MEASURES

Behavioral Intention A simple and direct approach to determining behavioral intention is to gather constant sum scale values. This procedure calls for the respondent to divide a fixed number of points over all brands in the choice set proportional to the percent of time the respondent intends to purchase each brand. Thus, if the number of points is set at 100, subjects are asked to estimate the percent of time they would normally purchase each brand, given a particular choice set. In other words, respondents directly provide their probability vector.

* David J. Reibstein is Assistant Professor of Marketing, Graduate School of Business Administration, Harvard University, Boston, MA 02163. The author wishes to thank Professor Frank M. Bass for his valuable guidance. 163

© JOURNAL OF CONSUMER RESEARCH. Vol. 5 • December 1978

THE JOURNAL OF CONSUMER RESEARCH

164 EXHIBIT CONSTRUCTS LEADING TO CHOICE

ATTITUDES

r--

PREFERENCE

f--

BEHAVIORAL INTENTION

f--

BEHAVIOR

This procedure was originally proposed by Metfessel (194?) .. However: applications in a brand choice setting are lImited. Studies by Byrnes (1964), Ferber and Piskie (1965), Juster (1966), and Granbois and Summers (1975) ~ave all investigated the predictive ability of subjectIve purchase probabilities, which are quite similar to constant sums. In each case, the study dealt with one purchase occasion and the analysis was performed across individuals. The intent of these studies was to predict whether a purchase would be made in a product class, not to ascertain individual probability vectors. Although their studies indicated that individuals can respond to direct questions about probabilities of purchase, and the probabilities are accurate over the population, these studies were not concerned with determining the ability of individuals to predict brands. This study empirically shows the relationship between behavioral intention and actual choice behavior on an individual basis.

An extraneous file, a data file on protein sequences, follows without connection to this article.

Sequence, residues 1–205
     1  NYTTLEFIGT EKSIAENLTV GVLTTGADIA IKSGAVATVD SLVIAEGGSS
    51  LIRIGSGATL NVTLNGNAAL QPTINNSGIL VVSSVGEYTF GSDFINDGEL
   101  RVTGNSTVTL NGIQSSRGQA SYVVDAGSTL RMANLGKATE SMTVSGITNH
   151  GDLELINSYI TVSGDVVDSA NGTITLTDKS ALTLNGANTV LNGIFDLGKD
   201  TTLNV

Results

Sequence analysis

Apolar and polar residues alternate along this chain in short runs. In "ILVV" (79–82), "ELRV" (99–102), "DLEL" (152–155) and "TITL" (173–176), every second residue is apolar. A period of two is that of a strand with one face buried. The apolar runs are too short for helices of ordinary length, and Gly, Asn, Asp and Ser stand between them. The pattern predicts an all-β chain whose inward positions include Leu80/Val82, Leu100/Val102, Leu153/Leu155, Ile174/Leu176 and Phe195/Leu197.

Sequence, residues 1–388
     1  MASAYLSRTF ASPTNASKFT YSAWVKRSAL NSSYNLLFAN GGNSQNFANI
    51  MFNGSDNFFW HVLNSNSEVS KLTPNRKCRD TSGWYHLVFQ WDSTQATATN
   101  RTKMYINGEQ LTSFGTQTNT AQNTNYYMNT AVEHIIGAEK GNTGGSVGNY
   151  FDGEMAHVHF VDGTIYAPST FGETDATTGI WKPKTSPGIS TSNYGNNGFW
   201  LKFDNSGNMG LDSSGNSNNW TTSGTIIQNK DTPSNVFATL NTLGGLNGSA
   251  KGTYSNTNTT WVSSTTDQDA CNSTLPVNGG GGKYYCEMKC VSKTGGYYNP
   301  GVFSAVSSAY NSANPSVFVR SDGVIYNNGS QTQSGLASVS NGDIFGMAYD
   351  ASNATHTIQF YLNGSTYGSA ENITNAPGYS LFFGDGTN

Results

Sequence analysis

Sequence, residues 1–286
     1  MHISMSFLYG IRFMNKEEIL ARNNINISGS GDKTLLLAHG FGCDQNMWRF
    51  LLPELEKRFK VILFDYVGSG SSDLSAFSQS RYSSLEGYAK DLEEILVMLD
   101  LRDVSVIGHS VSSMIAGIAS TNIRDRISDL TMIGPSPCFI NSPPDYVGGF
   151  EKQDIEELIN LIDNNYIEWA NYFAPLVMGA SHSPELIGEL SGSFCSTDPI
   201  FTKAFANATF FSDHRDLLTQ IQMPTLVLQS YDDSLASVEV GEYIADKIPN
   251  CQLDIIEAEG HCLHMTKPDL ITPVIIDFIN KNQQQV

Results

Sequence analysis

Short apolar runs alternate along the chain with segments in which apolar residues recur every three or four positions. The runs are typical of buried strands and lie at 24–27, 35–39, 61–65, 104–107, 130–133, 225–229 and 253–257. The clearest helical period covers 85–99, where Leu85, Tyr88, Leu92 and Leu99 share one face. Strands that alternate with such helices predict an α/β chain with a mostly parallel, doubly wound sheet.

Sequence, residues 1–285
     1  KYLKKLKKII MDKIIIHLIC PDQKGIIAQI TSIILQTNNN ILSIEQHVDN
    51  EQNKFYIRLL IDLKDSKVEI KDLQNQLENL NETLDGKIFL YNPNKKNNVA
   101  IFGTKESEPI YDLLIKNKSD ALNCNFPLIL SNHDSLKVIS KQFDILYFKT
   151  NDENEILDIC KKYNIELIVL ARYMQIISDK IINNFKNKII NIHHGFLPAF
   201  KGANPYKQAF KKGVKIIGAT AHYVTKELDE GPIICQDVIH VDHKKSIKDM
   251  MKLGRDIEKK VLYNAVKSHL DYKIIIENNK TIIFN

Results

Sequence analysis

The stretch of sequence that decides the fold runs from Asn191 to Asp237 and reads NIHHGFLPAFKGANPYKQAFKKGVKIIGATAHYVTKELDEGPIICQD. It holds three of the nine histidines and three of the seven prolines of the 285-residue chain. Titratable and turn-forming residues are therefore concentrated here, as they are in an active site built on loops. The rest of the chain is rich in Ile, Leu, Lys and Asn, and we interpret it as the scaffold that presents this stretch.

Preference A direct and commonly used approach to measuring is to obtain a preference ranking. Although this approach produces an ordinal preference, it does not reveal the strength of preference for the alternative ~hoices. Pessemier (1960) developed a simple alternatIve method, the dollar-metric method, which captures both order and strength of preference. The procedure is rooted in the paired comparison perceptual models of mathematical psychology (Torgerson 1958). This .~r?cedure has also been used for developing probabilIties of brand choice (Pessemier, Burger, Tea~h, and Tigert .1971). In an external validity test, Nevm (1974) obtamed dollar-metric values for two product categories-cola and coffee. The analysis was .across the entire sample population; that is, he predicted changes in the brands' market shares in respo~se to price changes in simulated shopping trips. N evm concluded that the model ". . . generated reasonably valid estimates of consumers' reactions to actual price changes for the cola product category" (p. 266). He found contrary results for coffee. As choice behavior over a large number of trials was not gathered, no effort was made to evaluate external validity on an individual basis. pr~ference

Attitudes The measure of attitudes employed herein is commonly referred to as the multi-attribute attitude model a linear weighted additive compensatory model. Thi~